Dr Hillary Briffa
I am delighted to serve as a Mentor on the Women in Writing programme to support other women. As a Lecturer in Defence Studies, I deliver strategic education for members of the armed forces and civil servants attending the Royal College of Defence Studies.
My contemporary research interests are primarily related to questions of Grand Strategy and national security, particularly concerning small states – striving to understand how the actors who do not dominate the international system turn their vulnerabilities into opportunities. My historical research interests also encompass the First World War (particularly WWI propaganda), and anti-colonial movements in the 20th century.
However, my teaching portfolio across King’s College London, Queen Mary University of London, Birkbeck, and UCL has spanned international relations theory, international security, war studies, and global politics so I am flexible and willing to supervise any exciting idea: if you’re passionate about your topic, I will be too!
I’m a part-time PhD student in the department entering the later stages of my programme. My research focuses on representations of torture in American culture, and my academic background is what some might call a less than traditional approach to War Studies. I want to help mentor women who might not fit the expected mould of what a War Studies scholar typically looks like, and further the interdisciplinary reach of the department. My research interests are varied: media, culture, and representation; counterterrorism and US national security; and ethics, justice, and human rights.
Krisztina is a part-time PhD researcher in the Department of War Studies, King’s College London. She received her BA in Philosophy, Politics and Economics from the University of Oxford and her MSc in International Relations from the London School of Economics and Political Science. After graduating from the LSE, Krisztina joined Chatham House, the Royal Institute of International Affairs, where she is now the Deputy Editor of the journal International Affairs. This journal is co-published by Chatham House and Oxford University Press and is a top-five ranked journal in the field based on impact factor. Krisztina’s research focuses on the Responsibility to Protect. She is particularly interested in prevention and protection under the second pillar of the concept.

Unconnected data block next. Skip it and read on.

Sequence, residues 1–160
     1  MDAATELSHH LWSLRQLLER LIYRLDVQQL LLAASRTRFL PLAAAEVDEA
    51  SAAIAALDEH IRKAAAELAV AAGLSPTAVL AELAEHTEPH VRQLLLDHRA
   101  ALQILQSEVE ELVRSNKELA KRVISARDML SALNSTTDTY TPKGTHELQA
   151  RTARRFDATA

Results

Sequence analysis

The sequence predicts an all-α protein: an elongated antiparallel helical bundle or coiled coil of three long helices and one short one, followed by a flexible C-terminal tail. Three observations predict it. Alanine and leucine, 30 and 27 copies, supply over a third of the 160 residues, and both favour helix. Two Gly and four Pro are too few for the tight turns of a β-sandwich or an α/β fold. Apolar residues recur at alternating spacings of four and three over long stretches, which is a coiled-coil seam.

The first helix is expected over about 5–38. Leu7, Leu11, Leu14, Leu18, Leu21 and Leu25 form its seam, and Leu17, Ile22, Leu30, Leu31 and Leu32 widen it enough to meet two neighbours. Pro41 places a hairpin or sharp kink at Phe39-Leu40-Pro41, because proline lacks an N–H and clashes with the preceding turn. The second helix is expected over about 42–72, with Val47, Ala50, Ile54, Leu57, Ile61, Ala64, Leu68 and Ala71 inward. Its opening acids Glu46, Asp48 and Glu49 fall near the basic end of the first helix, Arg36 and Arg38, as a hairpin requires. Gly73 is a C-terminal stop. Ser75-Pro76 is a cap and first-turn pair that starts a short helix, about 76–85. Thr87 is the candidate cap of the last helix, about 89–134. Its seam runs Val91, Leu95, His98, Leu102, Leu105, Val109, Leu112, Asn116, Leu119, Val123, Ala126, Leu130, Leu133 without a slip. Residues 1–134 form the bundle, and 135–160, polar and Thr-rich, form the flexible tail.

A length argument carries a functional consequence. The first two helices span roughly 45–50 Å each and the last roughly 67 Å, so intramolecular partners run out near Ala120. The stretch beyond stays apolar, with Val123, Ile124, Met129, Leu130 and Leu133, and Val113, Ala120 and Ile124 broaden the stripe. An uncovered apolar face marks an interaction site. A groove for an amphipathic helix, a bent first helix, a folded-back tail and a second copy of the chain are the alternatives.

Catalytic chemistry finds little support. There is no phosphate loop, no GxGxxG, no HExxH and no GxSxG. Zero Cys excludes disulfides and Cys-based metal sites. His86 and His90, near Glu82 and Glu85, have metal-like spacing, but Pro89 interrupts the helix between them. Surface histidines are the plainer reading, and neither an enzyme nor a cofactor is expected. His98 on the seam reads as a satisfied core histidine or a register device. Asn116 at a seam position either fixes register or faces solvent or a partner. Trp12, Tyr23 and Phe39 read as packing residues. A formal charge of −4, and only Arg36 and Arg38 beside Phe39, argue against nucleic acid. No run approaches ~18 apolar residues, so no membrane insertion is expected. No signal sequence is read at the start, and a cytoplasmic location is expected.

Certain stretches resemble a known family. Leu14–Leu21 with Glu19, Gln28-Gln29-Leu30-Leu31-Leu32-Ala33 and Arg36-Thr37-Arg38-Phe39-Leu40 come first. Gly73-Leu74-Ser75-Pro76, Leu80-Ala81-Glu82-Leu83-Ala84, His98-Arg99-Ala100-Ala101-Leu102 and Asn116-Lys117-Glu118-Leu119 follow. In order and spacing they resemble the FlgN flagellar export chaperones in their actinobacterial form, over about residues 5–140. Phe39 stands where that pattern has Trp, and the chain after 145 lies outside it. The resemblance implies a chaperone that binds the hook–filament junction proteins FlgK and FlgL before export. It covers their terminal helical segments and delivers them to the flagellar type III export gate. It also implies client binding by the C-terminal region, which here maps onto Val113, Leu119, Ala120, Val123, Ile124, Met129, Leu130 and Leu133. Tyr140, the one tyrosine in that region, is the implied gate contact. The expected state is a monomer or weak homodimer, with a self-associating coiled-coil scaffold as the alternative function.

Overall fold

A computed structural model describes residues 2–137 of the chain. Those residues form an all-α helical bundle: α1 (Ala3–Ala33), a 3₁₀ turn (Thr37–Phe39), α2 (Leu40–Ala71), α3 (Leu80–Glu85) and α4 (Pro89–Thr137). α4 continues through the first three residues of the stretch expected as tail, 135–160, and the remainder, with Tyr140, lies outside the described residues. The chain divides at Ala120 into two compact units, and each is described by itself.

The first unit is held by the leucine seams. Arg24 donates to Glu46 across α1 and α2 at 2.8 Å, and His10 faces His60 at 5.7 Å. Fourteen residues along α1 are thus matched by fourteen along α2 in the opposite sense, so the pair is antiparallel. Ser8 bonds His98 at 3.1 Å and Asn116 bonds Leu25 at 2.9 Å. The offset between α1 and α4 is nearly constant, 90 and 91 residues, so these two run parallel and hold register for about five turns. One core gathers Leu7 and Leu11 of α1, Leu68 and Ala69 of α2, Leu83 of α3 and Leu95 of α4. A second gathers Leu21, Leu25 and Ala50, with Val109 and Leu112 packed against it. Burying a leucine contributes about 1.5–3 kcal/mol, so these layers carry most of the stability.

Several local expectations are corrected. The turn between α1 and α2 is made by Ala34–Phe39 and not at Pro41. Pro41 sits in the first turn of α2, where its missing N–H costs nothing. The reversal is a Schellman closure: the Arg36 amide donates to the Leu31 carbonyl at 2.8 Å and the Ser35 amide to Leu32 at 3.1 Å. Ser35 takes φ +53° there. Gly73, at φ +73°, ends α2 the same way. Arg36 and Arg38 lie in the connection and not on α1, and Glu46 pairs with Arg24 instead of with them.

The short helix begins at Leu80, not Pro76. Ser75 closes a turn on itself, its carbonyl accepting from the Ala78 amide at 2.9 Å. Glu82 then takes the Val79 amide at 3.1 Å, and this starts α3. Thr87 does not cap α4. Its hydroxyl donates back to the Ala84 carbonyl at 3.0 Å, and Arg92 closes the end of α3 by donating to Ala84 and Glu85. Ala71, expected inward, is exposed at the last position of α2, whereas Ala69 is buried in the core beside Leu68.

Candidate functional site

Hi, my name is Sarah and I am a doctoral candidate in the Department of War Studies. My research is on the contribution of the Women’s Royal Naval Service and their American equivalent, the WAVES, to British and American Naval Intelligence in the Second World War. My MPhil research looked at the Women’s Auxiliary Air Force and their involvement in air intelligence during the Second World War, and I have also carried out research on the women of the Special Operations Executive in WWII. I am very interested in recovering the history of women in intelligence work, an element that is often missing from existing research on the intelligence world.
I am interested in being a mentor because I well remember how important and valuable it was (and is) to me to be mentored as I progressed along my academic journey – mentoring is something I really believe in and enjoy!
Orion Noda is a PhD Candidate at the Department of War Studies and King’s Brazil Institute – KCL and the Institute of International Relations – USP. His doctoral research is on nuclear weapons and the intersection of politics, culture, identity, and symbolism. His research interests are nuclear weapons politics; arms control, non-proliferation, and disarmament; identity, culture, and symbolism; postcolonialism; International Relations theory; and International Security in general.
He holds an MA (Hons) in International Security from the University of Groningen and a BA in International Relations from the Pontifical Catholic University of Minas Gerais.
Orion chose to be a WiW mentor because, as a scholar of colour from the Global South, he somewhat understands the struggles of underrepresented groups and understands the importance of a support network. As a WiW mentor, he hopes to share his knowledge and expertise in academic writing to next generation female scholars interested in academia.
Biography not available.
Dr Saawani Raje
Dr Saawani Raje-Byrne is a lecturer at the KCL Defence Studies Department. Her areas of research and expertise include civil-military relations, security studies, military history, international security, diplomatic history, security and defence policy, with a particular focus on South Asian security. She completed her PhD at KCL this year, with her thesis titled: “Decisions in Crises: A history of Indian civil-military relations, 1947-71.” Prior to her PhD, Saawani did her MA in South Asian and Afghan Security Studies at the KCL War Studies Department, and received a BA in Human, Social and Political Sciences from the University of Cambridge. She has a diverse teaching portfolio, having taught at the KCL War Studies as well as the Defence Studies Department for the past few years. Her publications include blog posts and articles on the Strife Blog and Journal, the Asia Dialogue (University of Nottingham) as well as an upcoming publication in the International History Review journal.